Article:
IE 11 is not supported. For an optimal experience visit our site on another browser.

'Not your keys, not your coins': After FTX collapse, some call for a return to bitcoin's decentralized roots to keep money safe

“This is like taking power back and being in charge of your own money,” one expert says.
A bitcoin sign in Prague, Czech Republic, on May 17, 2022.
A bitcoin sign in Prague.Milan Jaros / Bloomberg via Getty Images file

As questions swirl about how much cryptocurrencies will be worth in the wake of the spectacular collapse of the crypto exchange FTX and other major platforms, a key question has emerged: Who will keep your crypto safe?

In response, some in the crypto community are calling for a return to its decentralized roots.

Among the rallying cries of this latent movement: “Not your keys, not your coins.”

In other words: Trust only yourself.

But doing so requires individuals to maintain their own cryptocurrency wallets through a more complicated — if safer — process that involves generating complex passwords and sometimes buying physical hardware to keep track of crypto, as opposed to entrusting it to an exchange.

"A company like FTX was supposed to hold your assets, but they ended up lending them out," Tracy Wang, deputy managing editor at the crypto news site CoinDesk, told NBC News.

That concept is what undergirds the traditional monetary system and seems to go against the fundamental philosophy of cryptocurrency.

"This is like taking power back and being in charge of your own money," Wang said of decentralization.

Prior to its collapse, FTX was the world's fifth-largest cryptocurrency exchange, according to data from the crypto group CoinGecko cited by Reuters, processing $627 billion in trading volume year-to-date.

Now, it's unclear whether anyone who kept their money on the exchange will be made whole, as FTX sorts through a bankruptcy process that its current overseer has already described as unprecedented in its complexity. It's also a rude awakening for the people hurt most by the company's bankruptcy — and the impetus for a return to decentralization.

It becomes a choice between the risk of someone potentially absconding with your money — even if the exchange makes it easier to buy, send and hold it — versus keeping total control of it, though at the cost of a more cumbersome accounting process.

But it's not particularly easy to do. Keeping crypto offline except to trade it means generating a set of public and private keys — a string of randomly generated letters and numbers — and then creating an additional, backup seed phrase consisting of 12 or 24 random words in case you lose the initial set of keys. It also means buying a USB-like device that acts as a piggy bank for your crypto.

That used to be the way of the world when it came to bitcoin. But as cryptocurrencies broadly became more mainstream, companies and exchanges sprang up that allowed people to buy crypto without those steps.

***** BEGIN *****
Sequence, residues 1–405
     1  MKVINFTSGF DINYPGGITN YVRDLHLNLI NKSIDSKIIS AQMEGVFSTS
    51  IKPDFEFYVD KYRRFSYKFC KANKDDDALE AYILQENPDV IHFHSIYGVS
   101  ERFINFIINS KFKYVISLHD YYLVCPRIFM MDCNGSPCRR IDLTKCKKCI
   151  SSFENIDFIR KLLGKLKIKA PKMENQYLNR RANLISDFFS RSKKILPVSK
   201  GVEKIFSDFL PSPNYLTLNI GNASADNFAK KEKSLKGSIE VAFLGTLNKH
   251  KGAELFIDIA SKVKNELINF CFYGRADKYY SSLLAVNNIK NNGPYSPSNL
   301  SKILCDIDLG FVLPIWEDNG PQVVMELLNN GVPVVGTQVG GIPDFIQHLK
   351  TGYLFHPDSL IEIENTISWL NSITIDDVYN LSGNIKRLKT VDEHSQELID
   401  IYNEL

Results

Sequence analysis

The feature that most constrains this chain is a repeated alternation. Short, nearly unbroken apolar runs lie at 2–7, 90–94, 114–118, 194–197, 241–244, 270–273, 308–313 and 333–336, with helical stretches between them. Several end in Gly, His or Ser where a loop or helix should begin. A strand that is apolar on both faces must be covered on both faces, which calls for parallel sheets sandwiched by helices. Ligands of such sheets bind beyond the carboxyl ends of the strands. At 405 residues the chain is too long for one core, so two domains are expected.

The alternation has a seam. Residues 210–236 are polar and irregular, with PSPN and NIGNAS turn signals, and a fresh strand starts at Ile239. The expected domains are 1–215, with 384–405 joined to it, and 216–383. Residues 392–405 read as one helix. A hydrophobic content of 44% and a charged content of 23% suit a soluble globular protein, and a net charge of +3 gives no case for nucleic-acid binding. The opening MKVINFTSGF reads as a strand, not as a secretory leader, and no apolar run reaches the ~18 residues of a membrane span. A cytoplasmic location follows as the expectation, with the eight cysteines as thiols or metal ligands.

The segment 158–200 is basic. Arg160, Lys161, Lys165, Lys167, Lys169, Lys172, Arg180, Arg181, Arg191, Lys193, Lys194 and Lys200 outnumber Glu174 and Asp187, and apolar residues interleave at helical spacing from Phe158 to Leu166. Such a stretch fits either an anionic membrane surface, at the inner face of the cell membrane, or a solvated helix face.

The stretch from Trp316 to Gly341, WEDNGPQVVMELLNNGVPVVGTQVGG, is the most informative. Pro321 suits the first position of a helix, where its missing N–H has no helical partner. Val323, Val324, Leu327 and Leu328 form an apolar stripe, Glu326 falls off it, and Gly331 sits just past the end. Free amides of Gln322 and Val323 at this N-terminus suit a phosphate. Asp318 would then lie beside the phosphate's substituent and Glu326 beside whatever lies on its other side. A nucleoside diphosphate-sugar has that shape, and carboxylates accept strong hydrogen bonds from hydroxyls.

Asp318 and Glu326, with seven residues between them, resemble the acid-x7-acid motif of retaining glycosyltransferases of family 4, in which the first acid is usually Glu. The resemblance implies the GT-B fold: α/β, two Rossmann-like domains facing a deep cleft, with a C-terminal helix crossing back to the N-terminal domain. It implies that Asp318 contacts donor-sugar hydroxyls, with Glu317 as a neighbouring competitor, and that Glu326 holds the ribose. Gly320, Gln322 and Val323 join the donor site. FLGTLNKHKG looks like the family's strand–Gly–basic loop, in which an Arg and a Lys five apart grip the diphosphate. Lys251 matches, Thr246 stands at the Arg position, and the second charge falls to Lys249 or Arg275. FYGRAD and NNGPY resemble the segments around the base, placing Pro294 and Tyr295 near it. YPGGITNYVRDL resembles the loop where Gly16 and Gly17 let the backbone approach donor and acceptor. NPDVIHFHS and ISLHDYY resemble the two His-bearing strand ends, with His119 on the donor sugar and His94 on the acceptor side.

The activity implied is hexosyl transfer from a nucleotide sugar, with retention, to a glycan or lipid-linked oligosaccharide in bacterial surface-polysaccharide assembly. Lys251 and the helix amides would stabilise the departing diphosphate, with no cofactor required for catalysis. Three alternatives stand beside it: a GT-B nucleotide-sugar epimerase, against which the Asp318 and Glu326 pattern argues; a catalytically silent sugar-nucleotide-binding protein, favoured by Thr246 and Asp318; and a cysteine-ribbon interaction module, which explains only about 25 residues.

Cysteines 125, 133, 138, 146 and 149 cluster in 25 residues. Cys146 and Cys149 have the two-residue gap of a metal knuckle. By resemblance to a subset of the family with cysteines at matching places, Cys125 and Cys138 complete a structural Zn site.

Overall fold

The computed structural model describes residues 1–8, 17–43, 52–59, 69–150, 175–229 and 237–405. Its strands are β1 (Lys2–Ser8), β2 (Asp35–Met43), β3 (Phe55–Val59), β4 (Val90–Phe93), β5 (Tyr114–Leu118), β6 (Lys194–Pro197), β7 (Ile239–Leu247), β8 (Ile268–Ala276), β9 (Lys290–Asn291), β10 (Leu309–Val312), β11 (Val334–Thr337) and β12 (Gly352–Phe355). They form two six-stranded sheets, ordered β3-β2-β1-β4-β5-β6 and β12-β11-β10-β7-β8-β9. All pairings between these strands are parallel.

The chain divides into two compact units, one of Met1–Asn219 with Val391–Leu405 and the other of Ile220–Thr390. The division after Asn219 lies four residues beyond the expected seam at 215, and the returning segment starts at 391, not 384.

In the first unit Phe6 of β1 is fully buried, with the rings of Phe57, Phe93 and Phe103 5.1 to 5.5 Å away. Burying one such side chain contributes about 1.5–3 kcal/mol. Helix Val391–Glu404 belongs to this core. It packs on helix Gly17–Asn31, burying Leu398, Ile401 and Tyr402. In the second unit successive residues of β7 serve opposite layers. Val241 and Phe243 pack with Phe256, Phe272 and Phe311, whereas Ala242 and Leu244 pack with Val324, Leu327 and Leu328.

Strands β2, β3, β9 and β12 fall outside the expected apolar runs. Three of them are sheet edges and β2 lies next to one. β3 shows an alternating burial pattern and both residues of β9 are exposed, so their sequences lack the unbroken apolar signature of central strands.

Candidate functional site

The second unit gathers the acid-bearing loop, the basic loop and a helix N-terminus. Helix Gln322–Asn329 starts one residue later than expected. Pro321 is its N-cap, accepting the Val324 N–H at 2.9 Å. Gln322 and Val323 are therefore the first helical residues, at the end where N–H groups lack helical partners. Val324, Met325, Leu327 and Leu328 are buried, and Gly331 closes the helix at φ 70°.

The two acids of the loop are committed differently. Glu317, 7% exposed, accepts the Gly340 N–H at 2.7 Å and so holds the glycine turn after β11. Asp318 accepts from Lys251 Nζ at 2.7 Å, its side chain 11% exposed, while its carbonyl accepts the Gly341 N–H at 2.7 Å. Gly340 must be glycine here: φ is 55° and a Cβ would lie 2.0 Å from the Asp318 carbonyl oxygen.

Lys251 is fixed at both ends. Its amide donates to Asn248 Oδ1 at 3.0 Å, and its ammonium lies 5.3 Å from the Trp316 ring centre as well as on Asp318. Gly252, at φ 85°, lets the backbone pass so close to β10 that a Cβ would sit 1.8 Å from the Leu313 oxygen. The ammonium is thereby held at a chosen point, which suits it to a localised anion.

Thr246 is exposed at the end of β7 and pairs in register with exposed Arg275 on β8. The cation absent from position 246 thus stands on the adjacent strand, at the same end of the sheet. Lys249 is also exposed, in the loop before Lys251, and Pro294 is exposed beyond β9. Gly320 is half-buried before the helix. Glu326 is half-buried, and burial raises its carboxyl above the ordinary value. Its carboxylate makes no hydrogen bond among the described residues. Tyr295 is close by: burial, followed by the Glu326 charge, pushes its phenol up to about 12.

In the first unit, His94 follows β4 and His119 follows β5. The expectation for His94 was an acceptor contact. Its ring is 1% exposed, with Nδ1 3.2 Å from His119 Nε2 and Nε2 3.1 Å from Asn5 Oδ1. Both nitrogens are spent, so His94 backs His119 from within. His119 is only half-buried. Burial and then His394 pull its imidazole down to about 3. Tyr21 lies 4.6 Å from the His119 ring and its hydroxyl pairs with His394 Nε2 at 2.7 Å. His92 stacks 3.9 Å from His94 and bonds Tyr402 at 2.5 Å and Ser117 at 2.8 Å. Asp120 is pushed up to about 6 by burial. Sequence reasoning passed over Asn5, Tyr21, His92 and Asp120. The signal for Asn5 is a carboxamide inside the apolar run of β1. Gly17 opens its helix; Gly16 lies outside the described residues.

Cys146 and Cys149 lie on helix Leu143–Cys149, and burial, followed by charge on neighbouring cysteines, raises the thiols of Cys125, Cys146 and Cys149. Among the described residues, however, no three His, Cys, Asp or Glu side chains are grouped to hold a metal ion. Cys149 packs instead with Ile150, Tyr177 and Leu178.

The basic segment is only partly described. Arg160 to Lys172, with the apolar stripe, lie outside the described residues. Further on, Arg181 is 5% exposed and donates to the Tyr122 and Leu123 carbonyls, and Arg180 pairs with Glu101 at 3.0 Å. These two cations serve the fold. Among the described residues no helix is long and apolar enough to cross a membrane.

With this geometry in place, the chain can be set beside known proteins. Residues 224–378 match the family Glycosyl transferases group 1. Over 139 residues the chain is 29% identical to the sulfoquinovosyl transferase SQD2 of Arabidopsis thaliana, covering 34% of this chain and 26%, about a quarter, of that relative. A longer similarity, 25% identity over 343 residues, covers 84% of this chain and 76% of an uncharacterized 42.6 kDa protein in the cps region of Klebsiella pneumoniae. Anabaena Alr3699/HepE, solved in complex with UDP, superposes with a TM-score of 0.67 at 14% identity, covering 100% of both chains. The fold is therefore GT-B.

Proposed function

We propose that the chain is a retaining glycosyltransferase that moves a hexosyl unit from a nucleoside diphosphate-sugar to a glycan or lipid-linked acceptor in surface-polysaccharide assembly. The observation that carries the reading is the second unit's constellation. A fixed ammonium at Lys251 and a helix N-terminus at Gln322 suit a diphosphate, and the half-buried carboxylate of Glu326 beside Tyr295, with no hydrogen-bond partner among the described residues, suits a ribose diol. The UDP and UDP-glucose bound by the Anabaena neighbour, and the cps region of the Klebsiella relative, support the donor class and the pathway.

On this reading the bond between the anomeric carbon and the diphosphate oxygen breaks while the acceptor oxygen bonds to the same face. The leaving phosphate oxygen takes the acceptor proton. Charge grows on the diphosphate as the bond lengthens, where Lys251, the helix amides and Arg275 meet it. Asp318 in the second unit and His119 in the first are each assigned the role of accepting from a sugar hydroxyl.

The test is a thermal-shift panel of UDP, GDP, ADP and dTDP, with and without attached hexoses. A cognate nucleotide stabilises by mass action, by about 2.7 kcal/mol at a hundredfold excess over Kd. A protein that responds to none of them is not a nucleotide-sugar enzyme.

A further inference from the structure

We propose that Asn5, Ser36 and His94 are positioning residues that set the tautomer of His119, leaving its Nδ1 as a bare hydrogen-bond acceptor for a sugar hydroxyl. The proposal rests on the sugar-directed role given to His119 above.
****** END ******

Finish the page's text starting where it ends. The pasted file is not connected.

Today, platforms seemingly untouched by the FTX collapse, like Coinbase, have sought to reassure their users that their assets remain safe and, in some cases, are not subject to lending.

But that may not be enough for some users.

"Those of us grizzled veterans have seen this game before," said Caitlin Long, a blockchain consultant and founder and CEO of the crypto group Custodia Bank. "We've been trying to warn folks; get your coins off exchanges, and there's been a huge wave since FTX collapsed."

On Friday, Bitcoin Magazine reported that more than 150,000 bitcoin, some $2 billion worth, had been taken off exchanges over the past two weeks.

Still, among some influential crypto players, going fully off the grid would be a step in the wrong direction.

Instead, there are growing calls for increased regulation that would force crypto exchanges to keep customers' money firewalled so that it cannot be repurposed for other uses.

Long describes the idea as treating customers' deposits like a valet treats a car.

"You’re just giving temporary possession for safekeeping. [They] can’t lease it to be used on Uber, and if the garage goes bankrupt, that’s not an asset of the garage; they can't drive your car away," she said. "This is very simple, very boring — but foundational."

As an example, Long highlighted the state of Wyoming where she said its crypto regulations already require that any exchange based there treat customers' assets in this way.

"If Wyoming's regime had been in place, FTX wouldn’t have happened," Long said.

There is a proposal similar to Wyoming's system making its way through Congress that is sponsored by Sens. Cynthia Lummis, R-Wyo., and Kirsten Gillibrand, D-N.Y.

But such a bill, as well as others that propose regulations for the crypto industry, could face opposition. Sen. Sherrod Brown, D-Ohio, chair of the Senate Committee on Banking, Housing, and Urban Affairs, said last week that cryptocurrencies still don’t offer “anything useful or beneficial.”

“The recent collapse of FTX is a loud warning bell that cryptocurrencies can fail, and just like we saw with over-the-counter derivatives that led to a financial crisis, these failures can have a ripple effect on consumers and other parts of our financial system," Brown said in a statement.

"The cryptocurrency market’s continued turmoil is why we must think carefully about how to regulate cryptocurrencies and their role in our economy."